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Microsoft: Azure delays not acknowledged for 5 hours because manager was asleep

Microsoft has revealed it took five hours to acknowledge lengthy disruptions affecting European customers in late March because the task of informing customers relied on a US-based incident manager, who was asleep at the time. 

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The delays affected customers in Europe and the UK for three days beginning around 9am UTC on March 24. However, at the outset, as customers struggled with extra-sluggish Azure services, Microsoft missed its 10-minute target for acknowledging issues by a wide margin. 

In a post mortem, Chad Kimes, director of engineering at Azure admits Microsoft’s “communication during this incident was also problematic” and apologized for the frustration and confusion this caused to the 6,136 customers affected.   

The technical issue itself was caused by virtual-machine capacity constraints due to a surge in demand for Azure compute resources during COVID-19 coronavirus pandemic, which resulted in 21-minute delays affecting Microsoft’s Pipelines DevOps service for releasing new builds targeting Windows and Linux agents in Azure. The longest delay was nine hours, according to Kimes.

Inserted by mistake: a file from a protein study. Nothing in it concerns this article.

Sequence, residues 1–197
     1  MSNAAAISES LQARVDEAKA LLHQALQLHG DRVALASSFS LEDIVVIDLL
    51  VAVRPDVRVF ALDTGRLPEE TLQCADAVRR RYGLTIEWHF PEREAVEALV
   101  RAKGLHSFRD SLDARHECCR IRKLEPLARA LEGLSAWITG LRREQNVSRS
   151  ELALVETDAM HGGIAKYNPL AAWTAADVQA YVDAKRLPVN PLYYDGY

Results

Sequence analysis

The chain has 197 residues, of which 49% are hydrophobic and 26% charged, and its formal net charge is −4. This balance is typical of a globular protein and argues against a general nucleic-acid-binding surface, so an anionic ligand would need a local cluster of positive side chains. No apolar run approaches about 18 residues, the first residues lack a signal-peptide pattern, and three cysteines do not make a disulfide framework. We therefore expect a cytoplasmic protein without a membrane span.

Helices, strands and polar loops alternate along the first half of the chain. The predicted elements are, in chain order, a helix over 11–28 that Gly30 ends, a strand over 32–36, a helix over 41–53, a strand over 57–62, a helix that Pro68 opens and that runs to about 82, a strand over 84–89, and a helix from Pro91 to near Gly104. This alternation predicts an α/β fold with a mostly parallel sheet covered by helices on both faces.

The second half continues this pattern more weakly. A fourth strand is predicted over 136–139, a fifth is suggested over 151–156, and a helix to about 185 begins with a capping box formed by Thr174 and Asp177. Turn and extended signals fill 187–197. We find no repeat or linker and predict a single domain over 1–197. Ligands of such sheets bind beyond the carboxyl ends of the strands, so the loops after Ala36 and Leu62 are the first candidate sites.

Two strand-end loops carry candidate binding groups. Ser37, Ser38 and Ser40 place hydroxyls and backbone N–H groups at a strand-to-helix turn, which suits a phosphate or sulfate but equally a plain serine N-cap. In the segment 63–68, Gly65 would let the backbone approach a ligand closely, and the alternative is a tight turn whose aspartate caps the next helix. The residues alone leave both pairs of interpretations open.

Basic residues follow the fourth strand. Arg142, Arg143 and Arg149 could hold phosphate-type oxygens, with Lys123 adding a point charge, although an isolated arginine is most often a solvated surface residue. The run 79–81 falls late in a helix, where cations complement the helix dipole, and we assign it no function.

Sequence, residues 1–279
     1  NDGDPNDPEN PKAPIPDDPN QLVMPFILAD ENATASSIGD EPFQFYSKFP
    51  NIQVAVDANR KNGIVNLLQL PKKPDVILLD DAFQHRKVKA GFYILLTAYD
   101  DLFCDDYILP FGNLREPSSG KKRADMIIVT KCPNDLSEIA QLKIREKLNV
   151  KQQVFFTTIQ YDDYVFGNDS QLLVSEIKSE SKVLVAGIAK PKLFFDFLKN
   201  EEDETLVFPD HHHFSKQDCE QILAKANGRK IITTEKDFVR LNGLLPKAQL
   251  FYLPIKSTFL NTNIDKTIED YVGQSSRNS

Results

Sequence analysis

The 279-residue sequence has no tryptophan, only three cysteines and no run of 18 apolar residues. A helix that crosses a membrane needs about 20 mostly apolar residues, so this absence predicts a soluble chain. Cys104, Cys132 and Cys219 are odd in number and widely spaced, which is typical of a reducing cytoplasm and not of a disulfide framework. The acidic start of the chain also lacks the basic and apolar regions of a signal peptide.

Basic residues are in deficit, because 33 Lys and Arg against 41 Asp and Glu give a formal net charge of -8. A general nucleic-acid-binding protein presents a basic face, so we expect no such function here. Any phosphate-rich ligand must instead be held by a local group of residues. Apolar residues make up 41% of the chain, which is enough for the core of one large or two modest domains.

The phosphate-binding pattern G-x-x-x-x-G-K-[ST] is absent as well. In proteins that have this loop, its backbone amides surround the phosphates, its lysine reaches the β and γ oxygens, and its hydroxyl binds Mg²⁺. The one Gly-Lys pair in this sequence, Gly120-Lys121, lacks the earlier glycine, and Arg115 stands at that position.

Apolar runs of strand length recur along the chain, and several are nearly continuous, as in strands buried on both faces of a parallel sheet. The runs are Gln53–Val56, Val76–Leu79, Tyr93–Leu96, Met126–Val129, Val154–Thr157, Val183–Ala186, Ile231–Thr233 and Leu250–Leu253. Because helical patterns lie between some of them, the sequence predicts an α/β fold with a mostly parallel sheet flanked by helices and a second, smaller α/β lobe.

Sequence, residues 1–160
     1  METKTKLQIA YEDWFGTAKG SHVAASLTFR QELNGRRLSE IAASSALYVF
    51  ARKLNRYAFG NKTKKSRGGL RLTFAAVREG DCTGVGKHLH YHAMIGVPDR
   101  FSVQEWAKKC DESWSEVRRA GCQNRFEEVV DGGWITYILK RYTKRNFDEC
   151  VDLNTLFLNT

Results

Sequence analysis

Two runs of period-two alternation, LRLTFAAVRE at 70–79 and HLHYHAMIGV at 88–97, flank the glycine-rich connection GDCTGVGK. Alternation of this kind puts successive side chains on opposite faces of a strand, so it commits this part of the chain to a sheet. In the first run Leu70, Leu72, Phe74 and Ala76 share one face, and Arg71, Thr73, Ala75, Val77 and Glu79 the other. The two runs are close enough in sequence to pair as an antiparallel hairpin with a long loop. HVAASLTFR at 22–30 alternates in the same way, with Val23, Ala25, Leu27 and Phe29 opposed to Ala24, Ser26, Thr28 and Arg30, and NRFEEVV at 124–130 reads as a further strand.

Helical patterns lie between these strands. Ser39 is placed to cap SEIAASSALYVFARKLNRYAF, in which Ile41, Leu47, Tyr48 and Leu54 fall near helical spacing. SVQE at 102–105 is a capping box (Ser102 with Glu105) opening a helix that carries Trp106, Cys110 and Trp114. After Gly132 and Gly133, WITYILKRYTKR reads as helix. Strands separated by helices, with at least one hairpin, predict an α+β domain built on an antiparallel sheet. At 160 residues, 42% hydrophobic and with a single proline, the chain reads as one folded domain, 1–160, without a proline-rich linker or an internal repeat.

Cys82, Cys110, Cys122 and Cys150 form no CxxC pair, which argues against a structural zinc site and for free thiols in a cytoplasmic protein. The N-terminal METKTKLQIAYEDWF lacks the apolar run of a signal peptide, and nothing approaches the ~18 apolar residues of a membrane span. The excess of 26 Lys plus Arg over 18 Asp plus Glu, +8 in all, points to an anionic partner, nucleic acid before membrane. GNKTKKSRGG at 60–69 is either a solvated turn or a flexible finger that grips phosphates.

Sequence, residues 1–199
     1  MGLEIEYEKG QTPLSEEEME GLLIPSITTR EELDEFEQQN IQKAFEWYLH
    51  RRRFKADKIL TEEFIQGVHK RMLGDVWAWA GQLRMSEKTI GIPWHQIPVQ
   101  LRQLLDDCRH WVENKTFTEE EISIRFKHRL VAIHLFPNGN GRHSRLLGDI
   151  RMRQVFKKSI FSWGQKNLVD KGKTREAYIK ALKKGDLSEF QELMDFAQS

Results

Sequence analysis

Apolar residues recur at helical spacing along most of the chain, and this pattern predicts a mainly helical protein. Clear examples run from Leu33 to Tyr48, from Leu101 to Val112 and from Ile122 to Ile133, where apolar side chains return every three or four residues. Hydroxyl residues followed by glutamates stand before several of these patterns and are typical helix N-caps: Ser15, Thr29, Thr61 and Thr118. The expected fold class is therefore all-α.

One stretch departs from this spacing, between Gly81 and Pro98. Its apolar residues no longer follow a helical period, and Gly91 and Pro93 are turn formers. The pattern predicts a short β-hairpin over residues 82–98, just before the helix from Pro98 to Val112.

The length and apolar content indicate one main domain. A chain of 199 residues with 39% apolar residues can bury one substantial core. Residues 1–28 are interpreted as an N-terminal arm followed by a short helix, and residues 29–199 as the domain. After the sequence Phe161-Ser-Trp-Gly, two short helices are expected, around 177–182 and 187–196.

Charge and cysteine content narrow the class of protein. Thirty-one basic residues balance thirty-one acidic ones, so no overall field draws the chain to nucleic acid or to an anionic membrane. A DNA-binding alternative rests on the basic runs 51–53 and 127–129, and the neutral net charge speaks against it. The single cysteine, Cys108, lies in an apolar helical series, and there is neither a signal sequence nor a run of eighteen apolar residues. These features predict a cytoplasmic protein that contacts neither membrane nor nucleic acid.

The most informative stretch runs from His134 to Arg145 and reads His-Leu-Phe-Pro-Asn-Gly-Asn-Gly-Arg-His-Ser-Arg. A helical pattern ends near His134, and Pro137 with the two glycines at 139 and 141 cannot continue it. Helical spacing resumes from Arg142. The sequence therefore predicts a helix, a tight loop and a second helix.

“The problem here is that our live-site processes have a gap for these types of incidents,” Kimes said of the communication issue. 

“When incidents involve customer request failures or performance impacts, we have automated tooling that starts an incident and loops in both a DRI (designated responsible individual) and what we call a PIM (primary incident manager). The PIM is typically the person responsible for posting external communications acknowledging the incident,” he adds. 

“Pipeline delays are detected by different tooling, and the PIM is not currently paged for these types of incidents. As a result, while the DRI was hard at work understanding the technical issues and looking for potential mitigations, the PIM was still asleep. Only when the PIM joined the incident bridge at roughly the beginning of business hours in the Eastern United States was the incident finally acknowledged.”

Microsoft says it is planning to improve its live-site processes to “ensure that initial communication of pipeline delay incidents happens on the same schedule as other incident types”.

The company is also rolling out architectural changes to mitigate bottlenecks in spinning up new agents from its hosted agent pool. 

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